I suppose it's persistence? You don't want to allow untrusted origin to control your site's experience. If attacker managed to let user install an app, then attacker controls user entry point to victim's site permanently. Whether attacker wants to spoof a login page, or just show an add. But now user needs to visit sandboxed pages every time they use an app.

I don't mind wont-fixing it, but it just seems bad idea to provide such possibility from browser point-of-view.
There are other persistence features in Chrome like bookmarks, or the often-visited pages shown on the NTP, or even omnibox suggestions which also don't take the sandbox attribute into account and provide a controlled entry point to a site.

My thinking is that if we want this sort of restriction in place, it should happen at the CSP layer (e.g. the existing manifest-src directive can explicitly forbid any manifest from being applied to an untrusted site). Restricting add to home screen feels arbitrary.

mkwst: do you have more thoughts on this?
ping mkwst: I'm planning on WontFixing this next week, please chime in if you have more thoughts.

Comment 21 by mkwst@chromium.org, Oct 27 2017

> There are other persistence features in Chrome like bookmarks, or the often-
> visited pages shown on the NTP, or even omnibox suggestions which also don't
> take the sandbox attribute into account and provide a controlled entry point
> to a site.

None of these provide an entry point to a site that's under the page's control. That is, if a user bookmarks a page, they're bookmarking _that page_. Likewise, the NTP gives you suggestions based on pages _you've visited_. There seems to be a relevant distinction when the site has control over the destination.

In general, it seems prudent to verify that the page making assertions about a given origin is actually associated with that origin. In the case of a sandbox moving a page into an opaque origin, that association is explicitly broken. Why would we accept the page's assertions?

> My thinking is that if we want this sort of restriction in place, it should
> happen at the CSP layer (e.g. the existing manifest-src directive can
> explicitly forbid any manifest from being applied to an untrusted site).

Sandboxing a page in some way obviates the need to control it in detail via CSP. That is, if you put a terrible monster in a box, and close the box and tape it shut, why would you also feel the need to put up a sign that says "Don't feed the monster?" You shut the box. Feeding the monster should be impossible.

(I have no idea how I came up with this _astounding_ metaphor. Sorry. ;) )

> Restricting add to home screen feels arbitrary.

We restrict more than add to homescreen. We take the page's origin away, we prevent script execution, etc. Restricting add to homescreen is a consequence of those restrictions, not an arbitrary new restriction. :)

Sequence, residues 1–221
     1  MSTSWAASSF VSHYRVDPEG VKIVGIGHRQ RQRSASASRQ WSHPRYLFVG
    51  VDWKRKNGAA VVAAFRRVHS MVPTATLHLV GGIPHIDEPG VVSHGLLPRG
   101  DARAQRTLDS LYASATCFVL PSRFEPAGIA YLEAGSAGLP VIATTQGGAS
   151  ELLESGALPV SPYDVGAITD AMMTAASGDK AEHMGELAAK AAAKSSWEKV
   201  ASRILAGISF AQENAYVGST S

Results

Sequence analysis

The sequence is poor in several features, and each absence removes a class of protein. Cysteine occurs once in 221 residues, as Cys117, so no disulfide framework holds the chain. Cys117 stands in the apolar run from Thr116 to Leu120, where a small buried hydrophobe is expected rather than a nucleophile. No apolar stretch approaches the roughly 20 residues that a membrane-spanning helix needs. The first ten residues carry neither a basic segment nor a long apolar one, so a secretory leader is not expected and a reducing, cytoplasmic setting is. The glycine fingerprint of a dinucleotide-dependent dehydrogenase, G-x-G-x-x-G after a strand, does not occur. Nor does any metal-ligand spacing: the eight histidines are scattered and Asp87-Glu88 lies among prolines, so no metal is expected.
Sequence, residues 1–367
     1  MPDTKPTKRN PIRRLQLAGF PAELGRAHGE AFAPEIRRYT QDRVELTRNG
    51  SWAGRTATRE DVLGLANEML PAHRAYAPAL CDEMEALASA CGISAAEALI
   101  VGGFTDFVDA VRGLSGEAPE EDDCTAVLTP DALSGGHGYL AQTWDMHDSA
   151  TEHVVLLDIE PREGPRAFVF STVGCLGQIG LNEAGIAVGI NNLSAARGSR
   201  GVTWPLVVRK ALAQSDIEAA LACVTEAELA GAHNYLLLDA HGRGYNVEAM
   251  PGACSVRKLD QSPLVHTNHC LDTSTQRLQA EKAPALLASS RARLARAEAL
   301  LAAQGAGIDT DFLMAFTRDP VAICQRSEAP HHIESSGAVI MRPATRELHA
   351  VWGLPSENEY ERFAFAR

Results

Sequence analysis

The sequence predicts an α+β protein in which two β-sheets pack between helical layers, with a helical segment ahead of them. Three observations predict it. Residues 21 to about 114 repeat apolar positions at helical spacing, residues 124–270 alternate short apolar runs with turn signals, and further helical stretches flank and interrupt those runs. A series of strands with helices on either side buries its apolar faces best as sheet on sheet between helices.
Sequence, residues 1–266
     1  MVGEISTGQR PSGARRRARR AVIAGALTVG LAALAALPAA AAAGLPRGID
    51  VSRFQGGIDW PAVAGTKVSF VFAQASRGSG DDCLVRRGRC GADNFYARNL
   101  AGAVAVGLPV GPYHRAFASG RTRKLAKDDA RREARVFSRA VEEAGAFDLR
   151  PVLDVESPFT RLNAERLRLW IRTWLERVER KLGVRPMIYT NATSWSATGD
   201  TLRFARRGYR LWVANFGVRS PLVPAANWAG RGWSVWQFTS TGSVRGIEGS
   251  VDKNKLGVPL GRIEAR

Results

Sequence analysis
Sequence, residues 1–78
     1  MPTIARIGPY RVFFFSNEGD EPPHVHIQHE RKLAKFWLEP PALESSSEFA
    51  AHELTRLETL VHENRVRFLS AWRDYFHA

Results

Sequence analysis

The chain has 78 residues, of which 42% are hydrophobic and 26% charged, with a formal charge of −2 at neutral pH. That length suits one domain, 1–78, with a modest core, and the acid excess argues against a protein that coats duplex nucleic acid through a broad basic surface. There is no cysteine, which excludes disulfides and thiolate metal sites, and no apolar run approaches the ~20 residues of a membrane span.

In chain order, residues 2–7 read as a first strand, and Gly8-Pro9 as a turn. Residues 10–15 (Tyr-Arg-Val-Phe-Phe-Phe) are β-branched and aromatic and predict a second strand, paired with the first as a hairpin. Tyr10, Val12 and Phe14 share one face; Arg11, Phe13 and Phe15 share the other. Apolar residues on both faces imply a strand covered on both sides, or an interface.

mkwst and I synced offline, and determined that the core issue is that for PWA installation, we take the start URL of the (untrusted) manifest and use that in the homescreen shortcut.

An acceptable solution would be to simply ignore the manifest directives, and add a homescreen shortcut to the current URL. This reduces add to homescreen to be the equivalent of a bookmark shortcut, and also avoids the arbitrary-ness of disallowing add to homescreen completely for a site that you can still bookmark or get to from your history.
Nice! It'd be great if this behavior actually gets into the spec.

Also, I would love to see the restriction of manifest file to be same-origin. Sandboxed content would never get manifest if there is a same-origin restriction. And this I think is the main difference between SW/AppCache VS Web App Manifest.
Project Member

Comment 24 by sheriffbot@chromium.org, Dec 7 2017

Labels: -M-62 M-63
Proposed fix is to block manifest fetching from opaque (i.e. sandboxed) origins. I'll follow up with a PR for the web manifest spec.

CL is at https://crrev.com/c/866529
c#23: fetching the web manifest is already subject to a same-origin restriction, unless the manifest is served with the appropriate CORS headers. :)
#27: Responding with Access-Control-Allow-Origin header is a piece of cake. And you should be able to use data URL, which you don't need to have actual manifest file anywhere.

It's wise to only allow same-origin manifest file. This is what Worker, Service Worker, and even AppCache do.
c#28: the web app manifest spec explicitly permits manifests to be fetched cross-origin with the appropriate CORS headers / content security policy. mlamouri, do you have any comments on this?
Project Member

Comment 30 by bugdroid1@chromium.org, Jan 23 2018

The following revision refers to this bug:
  https://chromium.googlesource.com/chromium/src.git/+/ffac0ee4b8b00944e2ddf23f7f4f55daff3c117e

commit ffac0ee4b8b00944e2ddf23f7f4f55daff3c117e
Author: Dominick Ng <dominickn@chromium.org>
Date: Tue Jan 23 01:47:58 2018

Fail the web app manifest fetch if the document is sandboxed.

This ensures that sandboxed pages are regarded as non-PWAs, and that
other features in the browser process which trust the web manifest do
not receive the manifest at all if the document itself cannot access the
manifest.

BUG= 771709 

Change-Id: Ifd4d00c2fccff8cc0e5e8d2457bd55b992b0a8f4
Reviewed-on: https://chromium-review.googlesource.com/866529
Commit-Queue: Dominick Ng <dominickn@chromium.org>
Reviewed-by: Mounir Lamouri <mlamouri@chromium.org>